Australia has anational plan to trasnform the energy systems of Indiginous communities. Credit: Qinous
Energy storage solutions combined with hybrid solar PV plants and diesel generators will soon benefit communities in two starkly contrasting locations – in a luxury Maldives resort and in Australia’s Aboriginal community.
Applying energy storage to renewable energy sources in remote locations and islands can significantly reduce the reliance on and consumption of diesel, in areas where fuel prices are typically extremely high, meanwhile the use of clean energy can be increased. A report from the International Renewable Energy Agency (IRENA) last year also described such applications as bringing “substantial socio-economic benefits”.
In the first case, Berlin-based smart energy storage provider Qinous has won a contract to deliver a battery system for a hybrid diesel and solar PV project for an Aboriginal community in northern Australia.
Until now the Daly River community has relied purely on diesel generators as their source of energy, but the 800kW/1,987kWh lithium-ion battery will be able store energy generated by solar panels as well as managing and stabilising the grid. The battery will also be able to reduce diesel fuel consumption by integrating the renewable energy into the system. The generators will now be able to be switched off throughout the day also reducing maintenance costs.
Qinous smart energy storage systems have integrated micro-grid and energy management systems (MEMS) and they range from 30kW to several MWs capacity.
Local energy firm Power and Water Corporation commissioned the construction of the hybrid system at Daly River.
The procurement comes as part of a national plan to renovate the energy networks of Indigenous communities in Australia’s Northern Territory by equipping roughly 30 communities with the means to integrate solar power. This scheme is jointly funded by the Australian Renewable Energy Agency (ARENA) and the Northern Territory Government.
Testing of the Qinous battery is expected in June, followed by the project going into operation in October 2016.
Steffen Heinrich, technical director at Qinous, said operating diesel generators is expensive for Power and Water Corporation as well as causing air pollution and presenting spill risks. He said the hybrid system is a “cost-effective” means of transitioning away from conventional fuel sources.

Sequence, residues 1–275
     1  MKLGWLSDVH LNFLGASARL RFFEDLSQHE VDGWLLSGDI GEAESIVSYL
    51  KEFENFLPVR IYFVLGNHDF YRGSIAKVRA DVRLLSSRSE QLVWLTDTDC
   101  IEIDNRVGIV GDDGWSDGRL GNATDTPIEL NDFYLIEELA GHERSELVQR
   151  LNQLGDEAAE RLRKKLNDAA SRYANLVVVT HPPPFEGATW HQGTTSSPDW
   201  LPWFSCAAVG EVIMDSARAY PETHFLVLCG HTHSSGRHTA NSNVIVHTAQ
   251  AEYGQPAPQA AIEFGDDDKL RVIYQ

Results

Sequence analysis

From The Outback to the Indian Ocean
In the second scenario, Elvi Energy, a subsidiary of Paris-based storage provider Electro Power Systems (EPS), will soon finish an off-grid, hybrid power plant in a luxury resort in the Maldives.
The remotely controlled 2MW plant with storage is expected to save 275,000 litres of diesel each year, having required investment of EUR450,000 (US$499,000) overall.
The Maldives face particular difficulties in sourcing energy, lying more than 1,000km from the nearest mainland and having no access to the grid. Until now almost all energy generation has come from diesel.
EPS claims that the Maldives have the highest cost of power generation in South Asia with prices of up to US$0.40/kWh, and the spending of 14% of their GDP on importing fossil fuels. This is more than its spend on education and health combined.
EPS will soon provide its hydrogen and oxygen storage platform and battery technology to the island to help reduce the reliance on diesel generators.
Fabio Magnani, chief operating officer of the Electro Power Systems Group, said: “The investments in technology made by the group in 2015 are demonstrating that hybrid energy storage systems and hybrid power plants are not only a viable option for powering off-grid locations, but a remarkable opportunity to reduce electricity costs and emissions at the same time.”
The project is expected to be commissioned at the end of June this year.